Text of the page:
“Shorn of euphemisms, this visit is Iran effectively trying to recruit Pakistan as supportive cover for looming war against Israel,” said one veteran diplomat. “Even rhetorical endorsements from Islamabad would support the anti-Zionist narrative Tehran is crafting.”

It’s a narrative Iran realizes will prove indispensable should hostilities escalate in the Mideast, he added. The 32-year pariah regime remains largely isolated on the global stage, with few influential allies beyond the likes of Syria and Venezuela.

Little wonder then that the recently re-committed “Islamic unity” between Shiite Iran and Sunni-majority Pakistan – a nuclear weapons state – is being leveraged as a golden geostrategic tangerine at this precise moment.

Pakistan though retains little appetite for being dragged overtly into a conflict with world-shaking ramifications, no matter how compellingly it was pitched by itsIranian brothers. Having long punched below its weight internationally, Pakistan’s increasingly histrionic domestic sagas have seen its diplomatic dynamism atrophy.

At times it can barely rustle up full-throated denunciations when its own territory and sovereignty are repeatedly assailed by terrorism and extremism – never mind full-bodied statements intervening in others’ long-simmering feuds.

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So the issue becomes how far Iran probes for statements of unambiguous support – or perhaps clandestine, multi-layered operational assistance – during Raisi’s high-wire visit this week.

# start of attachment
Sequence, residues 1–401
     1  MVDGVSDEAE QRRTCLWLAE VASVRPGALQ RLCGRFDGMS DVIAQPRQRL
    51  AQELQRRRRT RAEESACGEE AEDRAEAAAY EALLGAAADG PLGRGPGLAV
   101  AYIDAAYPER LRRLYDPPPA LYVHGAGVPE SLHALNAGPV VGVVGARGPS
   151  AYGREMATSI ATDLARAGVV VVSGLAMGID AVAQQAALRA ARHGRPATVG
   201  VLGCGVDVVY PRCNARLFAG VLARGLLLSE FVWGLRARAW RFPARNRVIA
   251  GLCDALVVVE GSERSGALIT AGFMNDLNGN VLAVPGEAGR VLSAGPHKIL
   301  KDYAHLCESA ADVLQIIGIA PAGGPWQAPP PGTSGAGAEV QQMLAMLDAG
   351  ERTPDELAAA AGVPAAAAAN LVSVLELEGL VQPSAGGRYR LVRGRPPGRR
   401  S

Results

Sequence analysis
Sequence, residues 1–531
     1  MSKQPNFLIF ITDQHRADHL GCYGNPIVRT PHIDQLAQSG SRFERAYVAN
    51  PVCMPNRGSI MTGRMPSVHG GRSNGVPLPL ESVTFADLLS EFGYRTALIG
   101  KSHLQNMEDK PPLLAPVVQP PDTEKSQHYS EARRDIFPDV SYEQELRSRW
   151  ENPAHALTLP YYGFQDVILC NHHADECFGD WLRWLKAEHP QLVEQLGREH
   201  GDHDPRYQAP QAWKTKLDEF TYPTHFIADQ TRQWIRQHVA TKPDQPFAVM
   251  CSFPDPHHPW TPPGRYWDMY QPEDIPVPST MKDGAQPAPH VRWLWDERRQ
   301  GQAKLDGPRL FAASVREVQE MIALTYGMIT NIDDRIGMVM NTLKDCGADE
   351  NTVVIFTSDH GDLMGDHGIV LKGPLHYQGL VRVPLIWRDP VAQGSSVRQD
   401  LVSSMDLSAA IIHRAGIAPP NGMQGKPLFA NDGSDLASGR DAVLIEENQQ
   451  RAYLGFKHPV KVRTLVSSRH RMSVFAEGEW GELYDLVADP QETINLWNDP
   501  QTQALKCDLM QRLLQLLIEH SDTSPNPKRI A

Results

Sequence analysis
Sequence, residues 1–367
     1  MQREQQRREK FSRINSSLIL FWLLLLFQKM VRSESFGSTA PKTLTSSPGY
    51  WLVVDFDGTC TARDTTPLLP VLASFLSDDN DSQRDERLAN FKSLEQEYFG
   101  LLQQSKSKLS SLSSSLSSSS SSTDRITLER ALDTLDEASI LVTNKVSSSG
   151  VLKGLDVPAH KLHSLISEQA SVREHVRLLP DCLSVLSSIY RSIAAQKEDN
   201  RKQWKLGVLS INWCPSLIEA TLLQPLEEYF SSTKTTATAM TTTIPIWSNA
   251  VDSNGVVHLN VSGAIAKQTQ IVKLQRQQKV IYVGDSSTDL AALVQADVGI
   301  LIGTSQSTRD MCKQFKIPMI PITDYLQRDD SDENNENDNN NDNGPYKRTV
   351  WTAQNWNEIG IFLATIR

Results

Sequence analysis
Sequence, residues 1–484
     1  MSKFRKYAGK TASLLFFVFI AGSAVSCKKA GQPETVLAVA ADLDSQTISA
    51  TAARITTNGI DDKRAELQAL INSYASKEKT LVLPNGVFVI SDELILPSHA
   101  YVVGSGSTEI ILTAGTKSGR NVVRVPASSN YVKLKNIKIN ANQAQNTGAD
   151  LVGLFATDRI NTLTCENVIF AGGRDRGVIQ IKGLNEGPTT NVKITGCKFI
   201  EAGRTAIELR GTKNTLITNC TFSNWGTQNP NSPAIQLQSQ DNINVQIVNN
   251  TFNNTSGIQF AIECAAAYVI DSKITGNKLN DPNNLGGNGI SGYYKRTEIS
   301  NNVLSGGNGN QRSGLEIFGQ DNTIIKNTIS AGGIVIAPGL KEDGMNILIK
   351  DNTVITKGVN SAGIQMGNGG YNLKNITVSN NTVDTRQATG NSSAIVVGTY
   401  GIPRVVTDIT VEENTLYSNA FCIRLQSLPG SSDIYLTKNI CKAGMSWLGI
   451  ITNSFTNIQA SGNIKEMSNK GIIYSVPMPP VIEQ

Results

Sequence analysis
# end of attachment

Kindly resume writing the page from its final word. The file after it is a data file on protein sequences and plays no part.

Already Tehran’s diplomatic corps are touting ambitious targets of $10 billion in annual bilateral trade – a huge leap from the current $2 billion. Statements encouraging cross-border travel, tourism, pilgrimage and energy deals have also been bulldozed into the public narrative.

A carefully seeded impression emerges – one of rapidly deepening Pakistan-Iran ties that Israel would be foolish to further inflame. But reading between the lines, something far more combustible may be smoldering beneath long-steeping efforts to link Pakistan inextricably as an ally for Iran’s possible war effort.

Whether torn-apart Pakistan fully comprehends the depth of risk being cultivated on its territory this week remains hazily opaque. But in an already molten Middle Eastern cauldron, an unprecedented new tinderbox of involvement is quietly being constructed in the badlands along the Afghanistan-Pakistan frontier.


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Mezhar Alee
Mezhar Alee
Mezhar Alee is a prolific author who provides commentary and analysis on business, finance, politics, sports, and current events on his website Opportuneist. With over a decade of experience in journalism and blogging, Mezhar aims to deliver well-researched insights and thought-provoking perspectives on important local and global issues in society.